The Velvet Café

A room for thoughts about movies

Force Majeure: A Seinfeld scene in a Bergmanesque take

with 5 comments

Turist
Do you remember the Seinfeld episode when a fire breaks out at a birthday party and George panics, rushing out pushing down everyone that comes in his way in the process? Afterwards he tries to justify his behaviour, but nobody buys his explanations.

The recent Swedish movie Force Majeure begins with a similar scenario. A Swedish family goes for a skiing vacation in the French Alps. One day as they’re sitting at a restaurant, an avalanche comes running down the hillside straight in their direction. The mother in the family tries to protect the children. The father on the other hand doesn’t look out for anyone else. He runs away as fast as he can in order to save himself. As it turns out the avalanche never hits the restaurant. But it hits the family hard in a different way. Everyone, including the children, knows what happened. Not everyone wants to talk about it. How do you even talk about such a thing? And can you forgive it and move on from there?

The tone is a great deal more serious in this take on the male protector who flees in time of danger compared to the Seinfeld version. There are scenes that made me think of classic plays and movies about couples who speak out and hurt each other in the process, such as Long Day’s Journey into the Night, Who’s Afraid of Virginia Woolf or Scenes from a Marriage. However it’s not quite as heavy material. While it’s no Seinfeld for sure, there’s a lot of humour in the film. Sometimes I didn’t know if I was laughing at the shortcomings of fleeing father or crying over how miserable he was. I’m pretty sure I was doing both at the same time at one point. Reoccurring themes in the film: music by Vivadi, snow machines doing various jobs at the mountain, avalanches released on purpose all contribute to the sense of experiencing a concert, directed by Ruben Östlund.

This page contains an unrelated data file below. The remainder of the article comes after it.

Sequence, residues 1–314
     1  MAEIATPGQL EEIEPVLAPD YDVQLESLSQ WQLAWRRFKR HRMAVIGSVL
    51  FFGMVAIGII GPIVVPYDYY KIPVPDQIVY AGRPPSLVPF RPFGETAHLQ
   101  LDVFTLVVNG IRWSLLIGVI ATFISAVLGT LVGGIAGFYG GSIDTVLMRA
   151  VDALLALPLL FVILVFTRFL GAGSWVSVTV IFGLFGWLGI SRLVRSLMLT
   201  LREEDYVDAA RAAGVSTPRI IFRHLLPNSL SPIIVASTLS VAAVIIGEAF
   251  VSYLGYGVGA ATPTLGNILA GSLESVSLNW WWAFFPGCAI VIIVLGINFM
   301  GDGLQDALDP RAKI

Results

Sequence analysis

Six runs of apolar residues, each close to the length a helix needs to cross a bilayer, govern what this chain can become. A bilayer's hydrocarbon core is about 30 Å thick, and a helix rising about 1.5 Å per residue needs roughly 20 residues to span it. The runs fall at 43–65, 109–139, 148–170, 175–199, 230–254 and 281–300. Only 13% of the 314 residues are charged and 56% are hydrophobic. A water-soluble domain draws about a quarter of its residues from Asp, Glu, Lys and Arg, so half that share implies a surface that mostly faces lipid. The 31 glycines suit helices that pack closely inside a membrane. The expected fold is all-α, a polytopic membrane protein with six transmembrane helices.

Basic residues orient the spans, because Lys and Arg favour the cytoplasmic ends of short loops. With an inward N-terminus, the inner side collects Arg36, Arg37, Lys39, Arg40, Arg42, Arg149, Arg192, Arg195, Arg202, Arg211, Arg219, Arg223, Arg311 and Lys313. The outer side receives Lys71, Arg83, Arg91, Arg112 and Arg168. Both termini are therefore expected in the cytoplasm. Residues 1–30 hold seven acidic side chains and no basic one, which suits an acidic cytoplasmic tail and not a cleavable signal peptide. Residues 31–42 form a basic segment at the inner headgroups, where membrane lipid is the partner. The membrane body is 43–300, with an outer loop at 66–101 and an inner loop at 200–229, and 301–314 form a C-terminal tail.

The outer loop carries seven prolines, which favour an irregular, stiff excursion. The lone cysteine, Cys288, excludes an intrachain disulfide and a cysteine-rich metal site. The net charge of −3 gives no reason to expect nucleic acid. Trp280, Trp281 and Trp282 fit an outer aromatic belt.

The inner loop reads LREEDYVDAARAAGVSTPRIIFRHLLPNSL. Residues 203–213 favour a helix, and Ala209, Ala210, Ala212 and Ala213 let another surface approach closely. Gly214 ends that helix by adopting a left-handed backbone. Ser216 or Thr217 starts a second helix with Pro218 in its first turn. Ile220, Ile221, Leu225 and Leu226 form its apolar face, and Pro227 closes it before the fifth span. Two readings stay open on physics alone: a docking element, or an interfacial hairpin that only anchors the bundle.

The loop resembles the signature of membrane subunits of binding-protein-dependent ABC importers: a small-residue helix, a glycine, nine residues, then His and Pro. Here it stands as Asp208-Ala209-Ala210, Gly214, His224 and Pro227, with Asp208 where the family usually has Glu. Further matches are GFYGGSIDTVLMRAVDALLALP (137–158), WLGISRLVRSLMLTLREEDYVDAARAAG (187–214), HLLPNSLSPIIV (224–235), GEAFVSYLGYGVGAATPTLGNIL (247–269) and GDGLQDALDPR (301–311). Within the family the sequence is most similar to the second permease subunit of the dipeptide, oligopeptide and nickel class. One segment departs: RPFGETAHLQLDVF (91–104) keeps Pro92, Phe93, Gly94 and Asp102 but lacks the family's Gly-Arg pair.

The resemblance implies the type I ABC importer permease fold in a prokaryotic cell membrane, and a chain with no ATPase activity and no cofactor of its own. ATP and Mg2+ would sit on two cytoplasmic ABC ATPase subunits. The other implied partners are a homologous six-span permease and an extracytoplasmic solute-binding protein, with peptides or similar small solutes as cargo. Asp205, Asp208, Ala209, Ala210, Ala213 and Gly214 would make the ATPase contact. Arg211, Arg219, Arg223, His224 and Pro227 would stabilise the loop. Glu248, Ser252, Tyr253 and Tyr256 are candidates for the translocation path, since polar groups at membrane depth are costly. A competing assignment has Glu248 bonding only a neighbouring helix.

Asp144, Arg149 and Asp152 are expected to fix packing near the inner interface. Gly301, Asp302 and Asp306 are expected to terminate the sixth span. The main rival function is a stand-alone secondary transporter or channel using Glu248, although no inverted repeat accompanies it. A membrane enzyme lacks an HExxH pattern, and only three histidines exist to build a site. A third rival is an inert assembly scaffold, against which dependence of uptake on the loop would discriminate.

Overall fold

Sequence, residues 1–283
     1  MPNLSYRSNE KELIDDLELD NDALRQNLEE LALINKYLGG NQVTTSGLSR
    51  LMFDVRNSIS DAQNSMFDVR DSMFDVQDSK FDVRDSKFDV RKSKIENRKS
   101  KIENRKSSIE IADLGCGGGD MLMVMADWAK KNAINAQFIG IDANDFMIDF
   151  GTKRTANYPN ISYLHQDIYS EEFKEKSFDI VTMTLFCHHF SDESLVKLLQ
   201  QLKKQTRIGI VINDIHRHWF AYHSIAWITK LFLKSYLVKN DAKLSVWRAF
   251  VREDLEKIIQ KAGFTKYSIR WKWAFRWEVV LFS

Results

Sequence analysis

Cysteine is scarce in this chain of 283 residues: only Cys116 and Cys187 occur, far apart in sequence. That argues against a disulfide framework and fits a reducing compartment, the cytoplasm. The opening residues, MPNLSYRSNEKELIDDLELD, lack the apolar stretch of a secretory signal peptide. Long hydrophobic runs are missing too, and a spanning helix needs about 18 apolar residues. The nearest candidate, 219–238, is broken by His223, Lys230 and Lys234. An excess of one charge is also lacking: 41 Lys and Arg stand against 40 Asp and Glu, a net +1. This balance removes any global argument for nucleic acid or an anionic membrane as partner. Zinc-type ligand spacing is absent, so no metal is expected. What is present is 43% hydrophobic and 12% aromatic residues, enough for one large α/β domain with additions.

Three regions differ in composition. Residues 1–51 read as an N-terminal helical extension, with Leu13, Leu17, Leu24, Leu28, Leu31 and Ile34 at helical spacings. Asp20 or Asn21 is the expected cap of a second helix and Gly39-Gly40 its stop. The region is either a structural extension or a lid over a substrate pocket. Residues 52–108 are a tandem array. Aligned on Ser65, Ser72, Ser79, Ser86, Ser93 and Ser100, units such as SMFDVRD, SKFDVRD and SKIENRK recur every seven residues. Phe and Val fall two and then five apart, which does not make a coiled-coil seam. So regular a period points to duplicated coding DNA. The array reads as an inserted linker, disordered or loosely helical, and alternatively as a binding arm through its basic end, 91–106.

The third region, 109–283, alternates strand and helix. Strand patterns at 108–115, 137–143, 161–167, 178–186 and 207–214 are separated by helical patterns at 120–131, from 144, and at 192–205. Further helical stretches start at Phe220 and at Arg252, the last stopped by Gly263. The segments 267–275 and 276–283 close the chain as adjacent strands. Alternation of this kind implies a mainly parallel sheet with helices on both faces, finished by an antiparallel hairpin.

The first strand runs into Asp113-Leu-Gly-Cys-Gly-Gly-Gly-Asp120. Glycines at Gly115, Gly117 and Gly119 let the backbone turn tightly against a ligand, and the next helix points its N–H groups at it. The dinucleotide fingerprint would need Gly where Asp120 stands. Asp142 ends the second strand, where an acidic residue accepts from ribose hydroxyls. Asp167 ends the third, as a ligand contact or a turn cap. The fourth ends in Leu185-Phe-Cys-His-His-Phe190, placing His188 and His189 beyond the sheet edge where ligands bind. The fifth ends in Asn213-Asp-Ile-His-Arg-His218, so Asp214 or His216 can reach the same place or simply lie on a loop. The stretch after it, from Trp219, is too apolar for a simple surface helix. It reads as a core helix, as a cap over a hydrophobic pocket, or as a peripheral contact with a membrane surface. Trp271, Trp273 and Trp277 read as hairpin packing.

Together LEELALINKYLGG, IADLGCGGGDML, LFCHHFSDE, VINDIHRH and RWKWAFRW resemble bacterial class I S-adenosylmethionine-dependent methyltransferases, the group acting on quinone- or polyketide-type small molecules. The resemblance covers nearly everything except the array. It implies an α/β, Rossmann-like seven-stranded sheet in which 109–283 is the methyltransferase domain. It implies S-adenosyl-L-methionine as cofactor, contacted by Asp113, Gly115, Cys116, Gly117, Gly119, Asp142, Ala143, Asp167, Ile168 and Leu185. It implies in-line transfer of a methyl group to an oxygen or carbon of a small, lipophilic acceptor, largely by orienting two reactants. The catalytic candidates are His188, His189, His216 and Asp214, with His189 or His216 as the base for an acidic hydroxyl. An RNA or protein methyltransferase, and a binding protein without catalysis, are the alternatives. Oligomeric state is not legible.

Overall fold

Compared to his last movie Play, which I also loved, I found Force Majeure a little bit more accessible. If you’ve been on a skiing holiday with your family at some point, it’s easy to identify with the feelings of claustrophobia they’re experiencing in their hotel room and the tiredness and frustration you can feel when your child is having a tantrum in public for no good reason.

I know that there are several colleagues from the film blogosphere who are attending the TIFF festival in Toronto. I hope some of them will take the chance to see this film. It makes me a little proud that it was made in Sweden. Great movies sometimes come out of small countries.

Force Majeure (Turist, Ruben Östlund, SWE 2014) My rating: 4,5/5

Written by Jessica

September 3, 2014 at 1:00 am

Posted in Force Majeure, Turist

5 Responses

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  1. This sounds fantastic. The premise lends itself to great drama AND comedy. Looking forward to watching it. Great review 🙂

    fernandorafael

    September 3, 2014 at 1:31 am

    • Thanks! It’s going to be Sweden’s contribution to the Oscars, so that might increase your chances to get to see it.

      Jessica

      September 3, 2014 at 10:46 pm

  2. Thank you, the mental image of the running avalanche gave me the best laugh of the day 🙂

    Sofia

    September 3, 2014 at 8:14 pm


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